J. Kenji Lopez-Alt
, managing culinary director at food blog Serious Eats
, recently took an extended trip to China and southeast Asia with his wife, Adri, after driving across the country
during a move from New York to San Francisco. He documented his Asia trip on a personal blog
set up to elude Chinese censors. [more inside]
The Art of Shen Ku
is a rambling, eccentric website displaying pages of an illustrated instructional book of the same name. The site is roughly divided into four topics: Traveller, Physician, Sailor, and Martial Artist. It features heavily notated illustrations that demonstrate everything from using healthy breathing techniques and using aloe vera to learning martial art hand strikes, avoiding shark attacks, making survival shelters, and navigating. The author, Zeek, seems to be a sailor who spent much time in Asia. [more inside]
How the north ended up on top of the map
is an article by Nick Danforth, author/curator of (The/Mid) Afternoon Map blog
, detailing how the north-up orientation came to be the default orientation, looking beyond Eurocentrism to Byzantine monks and Majorcan Jews who set the path for modern cartography. If you want more information, you might enjoy the Wikipedia article on the history of cartography
, or you can really dig deep with the three-volume text, The History of Cartography
, which is available in full from the University of Chicago Press online, split into individual PDFs for each chapter. [more inside]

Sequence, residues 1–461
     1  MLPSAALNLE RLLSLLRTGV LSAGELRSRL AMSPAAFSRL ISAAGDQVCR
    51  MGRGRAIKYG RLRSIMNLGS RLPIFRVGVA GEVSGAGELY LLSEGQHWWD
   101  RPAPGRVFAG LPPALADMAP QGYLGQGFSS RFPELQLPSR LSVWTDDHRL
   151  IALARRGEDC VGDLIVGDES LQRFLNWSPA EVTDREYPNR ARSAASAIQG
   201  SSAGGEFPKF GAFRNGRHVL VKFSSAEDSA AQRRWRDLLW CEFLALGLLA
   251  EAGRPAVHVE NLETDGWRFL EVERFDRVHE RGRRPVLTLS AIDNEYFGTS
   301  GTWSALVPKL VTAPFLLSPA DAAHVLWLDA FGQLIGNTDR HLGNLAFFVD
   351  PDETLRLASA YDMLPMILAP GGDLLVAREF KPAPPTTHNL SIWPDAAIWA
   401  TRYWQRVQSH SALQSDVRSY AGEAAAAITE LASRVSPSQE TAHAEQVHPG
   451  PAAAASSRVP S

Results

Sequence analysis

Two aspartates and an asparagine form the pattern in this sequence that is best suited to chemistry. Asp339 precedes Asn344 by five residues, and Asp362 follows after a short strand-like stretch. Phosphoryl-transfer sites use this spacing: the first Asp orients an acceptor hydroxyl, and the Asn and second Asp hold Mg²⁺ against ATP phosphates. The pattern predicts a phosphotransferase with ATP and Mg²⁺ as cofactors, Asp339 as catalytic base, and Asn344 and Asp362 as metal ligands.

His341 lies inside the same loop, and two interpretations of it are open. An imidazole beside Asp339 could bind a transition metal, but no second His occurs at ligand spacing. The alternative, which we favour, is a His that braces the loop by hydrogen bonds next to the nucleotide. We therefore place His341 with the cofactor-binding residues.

"Life-long Kazakhstan President Nursultan Nazarbayev has suggested changing his country's name to make it friendlier to investors and tourists. It's obviously a little silly to change your country's name for marketing purposes. But there may be more meaningful reasons for the country to change its name..." An interesting perspective from Max Fisher at the Washington Post.
Over the course of nearly 20 centuries, millions of East Africans crossed the Indian Ocean and its several seas and adjoining bodies of water in their journey to distant lands, from Arabia and Iraq to India and Sri Lanka.
Called Kaffir, Siddi, Habshi, or Zanji, these men, women and children from Sudan in the north to Mozambique in the south Africanized the Indian Ocean world and helped shape the societies they entered and made their own.
Free or enslaved, soldiers, servants, sailors, merchants, mystics, musicians, commanders, nurses, or founders of dynasties, they contributed their cultures, talents, skills and labor to their new world, as millions of their descendants continue to do. Yet, their heroic odyssey remains little known.